According to a World Bank survey, 78% of Nigerians connected to the grid receive less than 12 hours of electricity daily.
The Nigerian government tried to refute the survey results, stating that only 55% of Nigerians were in Bands D and E of the service bands, which means they are only obligated to get 8 and 4 hours of electricity daily. But, while this is true, it’s been difficult for the power sector to meet its supply obligations to customers following five grid collapses this year alone and generation shortages.
For many Nigerians, the alternative is self-generation. I was talking to my Ugandan colleague the other day, and he asked me if it was true that most Nigerians had generators. It was funny but a little sad at the same time when I answered that every Nigerian and their neighbour who could afford it had at least one diesel or petrol generator. According to the World Bank enterprise survey, Nigerians with generators derived 58.8% of their electricity from their backup generators on average despite also having grid access. For Ugandans, this figure was just 17.6%.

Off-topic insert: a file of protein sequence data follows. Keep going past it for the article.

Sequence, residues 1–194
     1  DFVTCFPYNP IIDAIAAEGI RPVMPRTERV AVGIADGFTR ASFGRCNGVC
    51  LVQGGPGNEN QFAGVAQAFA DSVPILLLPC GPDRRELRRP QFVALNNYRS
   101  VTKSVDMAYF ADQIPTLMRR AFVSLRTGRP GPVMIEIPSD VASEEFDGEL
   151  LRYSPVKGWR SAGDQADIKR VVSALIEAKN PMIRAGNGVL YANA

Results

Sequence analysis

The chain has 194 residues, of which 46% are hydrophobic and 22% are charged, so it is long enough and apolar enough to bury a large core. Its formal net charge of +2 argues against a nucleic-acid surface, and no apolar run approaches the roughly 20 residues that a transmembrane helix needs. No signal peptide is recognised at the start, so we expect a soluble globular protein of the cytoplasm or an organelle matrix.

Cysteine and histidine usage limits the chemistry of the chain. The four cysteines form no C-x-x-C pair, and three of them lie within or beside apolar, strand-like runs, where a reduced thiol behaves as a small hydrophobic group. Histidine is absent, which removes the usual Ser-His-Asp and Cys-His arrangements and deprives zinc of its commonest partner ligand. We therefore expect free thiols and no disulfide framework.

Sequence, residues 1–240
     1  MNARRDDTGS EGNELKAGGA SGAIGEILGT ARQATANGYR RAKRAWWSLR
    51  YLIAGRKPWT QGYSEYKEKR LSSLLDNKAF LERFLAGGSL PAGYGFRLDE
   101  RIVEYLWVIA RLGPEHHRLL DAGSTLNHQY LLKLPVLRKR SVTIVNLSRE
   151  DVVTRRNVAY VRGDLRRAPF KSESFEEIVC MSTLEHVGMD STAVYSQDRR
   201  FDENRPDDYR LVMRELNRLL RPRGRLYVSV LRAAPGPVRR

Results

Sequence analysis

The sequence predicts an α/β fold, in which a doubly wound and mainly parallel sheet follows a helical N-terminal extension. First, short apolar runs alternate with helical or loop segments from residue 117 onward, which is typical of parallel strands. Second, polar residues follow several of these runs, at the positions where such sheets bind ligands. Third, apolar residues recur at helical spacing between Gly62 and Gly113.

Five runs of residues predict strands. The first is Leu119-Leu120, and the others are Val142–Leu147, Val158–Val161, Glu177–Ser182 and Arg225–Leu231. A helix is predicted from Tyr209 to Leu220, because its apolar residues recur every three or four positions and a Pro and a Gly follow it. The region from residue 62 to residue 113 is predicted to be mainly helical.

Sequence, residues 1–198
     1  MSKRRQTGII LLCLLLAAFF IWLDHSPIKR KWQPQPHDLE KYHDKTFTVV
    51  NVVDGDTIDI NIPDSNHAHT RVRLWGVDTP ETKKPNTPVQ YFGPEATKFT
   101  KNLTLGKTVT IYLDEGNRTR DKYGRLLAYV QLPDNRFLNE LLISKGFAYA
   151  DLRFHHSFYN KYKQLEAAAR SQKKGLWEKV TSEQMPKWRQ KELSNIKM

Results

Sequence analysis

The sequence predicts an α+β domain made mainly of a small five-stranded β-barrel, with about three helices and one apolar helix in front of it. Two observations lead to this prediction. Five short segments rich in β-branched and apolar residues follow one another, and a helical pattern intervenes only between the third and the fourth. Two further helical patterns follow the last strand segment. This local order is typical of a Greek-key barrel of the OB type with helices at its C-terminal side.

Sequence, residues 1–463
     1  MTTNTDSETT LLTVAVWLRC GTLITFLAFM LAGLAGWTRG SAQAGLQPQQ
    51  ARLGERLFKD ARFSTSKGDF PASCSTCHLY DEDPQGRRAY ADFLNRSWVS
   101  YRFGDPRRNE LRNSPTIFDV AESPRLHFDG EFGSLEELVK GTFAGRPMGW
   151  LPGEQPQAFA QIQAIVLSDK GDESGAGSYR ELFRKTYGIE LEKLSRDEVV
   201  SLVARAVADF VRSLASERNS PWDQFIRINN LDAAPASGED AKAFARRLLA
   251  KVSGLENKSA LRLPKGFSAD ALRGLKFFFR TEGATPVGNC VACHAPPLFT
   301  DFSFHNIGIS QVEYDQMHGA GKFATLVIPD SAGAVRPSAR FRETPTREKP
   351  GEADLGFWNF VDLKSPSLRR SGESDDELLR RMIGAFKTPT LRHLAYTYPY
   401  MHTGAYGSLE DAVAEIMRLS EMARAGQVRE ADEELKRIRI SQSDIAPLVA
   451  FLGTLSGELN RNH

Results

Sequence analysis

But, one thing that hasn’t been funny this year is the energy crisis we’ve been experiencing. First, it was petrol—the NNPC imported contaminated petrol, and the Russia-Ukraine war made it difficult to get new supplies. This led to a fuel scarcity situation that lasted over a month. Around the same time, the available electricity generation dropped, leading to nationwide blackouts, no thanks to gas shortages. And still, within the same period, diesel prices tripled from about ₦200 to over ₦700 per litre. Nigerians haven’t been able to catch a break this year; it’s been one energy issue after another.
However, another energy alternative is gaining popularity with Nigerians, given that our petrol